Escaping the cave gives a fresh perspective on reality, revealing that the fire is merely an illusory representation of the world. With this newfound understanding, one can return to the cave and accurately assess objects based on their true forms. Socrates discusses this concept in Plato's Protagoras, introducing "The Art of Measurement." According to Socrates, being confined in the cave leads to unreliable judgments and perceptions influenced solely by false shadows. He presents this theory as a response to Protagoras' investigation into why humans engage in harmful behaviors like smoking or excessive drinking.

Aristotle posited that the cause for this phenomenon was a weak moral habit, as stated in N.E. On the other hand,

Socrates did not subscribe to Aristotle's famous Akrasia thesis and instead believed that no passion or pleasure could surpass omnipotent knowledge, as mentioned in Prot. During their renowned dialogue, Protagoras questioned why individuals continue to smoke despite knowing the detrimental effects it will have on them. In order to avoid arguing against this point, Socrates elucidated his Art of Measurement. He stated that the only reason people engage in harmful behavior, such as smoking, is because they lack a means to measure the immediate pleasure of smoking against the future pain caused by cancer or other diseases resulting from smoking. Socrates simply asserted that these individuals possess a flawed sense of measurement due to the dark cave they reside in, as described in Prot.

Without this art, the essence of wisdom, one cannot accurately weigh pleasure versus pain and one cannot achieve final pleasure...Eudaimonia. The first step in achieving wisdom is the quest for self-knowledge, the quote on the base of the oracle's statue at Delphi, "Know Thyself" (Friedlander). This was the identity that Oedipus was seeking. According to Socrates, the only way to achieve knowledge in general was though the use of inquiry ("Apology" 0). Socrates practiced inquiry throughout his entire life. He started this practice when an oracle of Apollo told him that no one was wiser than he ("Apology").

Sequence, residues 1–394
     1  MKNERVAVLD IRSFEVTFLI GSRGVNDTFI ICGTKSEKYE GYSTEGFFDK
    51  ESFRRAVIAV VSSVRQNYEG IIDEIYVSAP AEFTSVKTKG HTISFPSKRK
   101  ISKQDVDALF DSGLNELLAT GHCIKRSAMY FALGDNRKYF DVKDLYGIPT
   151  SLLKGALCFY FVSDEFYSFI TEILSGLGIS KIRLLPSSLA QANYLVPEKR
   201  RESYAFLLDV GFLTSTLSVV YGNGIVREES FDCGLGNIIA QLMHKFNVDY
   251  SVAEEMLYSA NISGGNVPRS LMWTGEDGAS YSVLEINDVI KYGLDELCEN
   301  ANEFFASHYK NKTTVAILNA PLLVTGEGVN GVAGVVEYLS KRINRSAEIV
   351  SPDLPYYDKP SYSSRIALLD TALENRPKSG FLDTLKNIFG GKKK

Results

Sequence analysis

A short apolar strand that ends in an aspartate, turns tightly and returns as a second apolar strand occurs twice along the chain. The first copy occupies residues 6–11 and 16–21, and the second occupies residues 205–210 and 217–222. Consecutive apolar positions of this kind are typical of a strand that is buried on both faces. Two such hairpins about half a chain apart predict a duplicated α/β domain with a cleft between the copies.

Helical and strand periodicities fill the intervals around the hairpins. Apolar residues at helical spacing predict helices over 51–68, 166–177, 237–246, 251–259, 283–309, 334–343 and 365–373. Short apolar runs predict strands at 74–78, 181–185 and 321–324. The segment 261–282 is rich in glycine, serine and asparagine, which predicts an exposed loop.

In either modesty or disbelief, both Socrates and Oedipus dedicated their lives to questioning others in search of wisdom. Socrates, in his search, discovered that not one person, whether a philosopher or sophist, was truly wise, as he would reveal their self-contradictions. Despite this, he believed that the life of inquiry was the most philosophical

and divine. Similarly, Oedipus, in the play, constantly asks questions to anyone he suspects may have information, questioning every scenario that confronts him. He seeks to cleanse himself and find the source of the trouble. Both Socrates and Oedipus embrace the power of inquiry in their pursuits.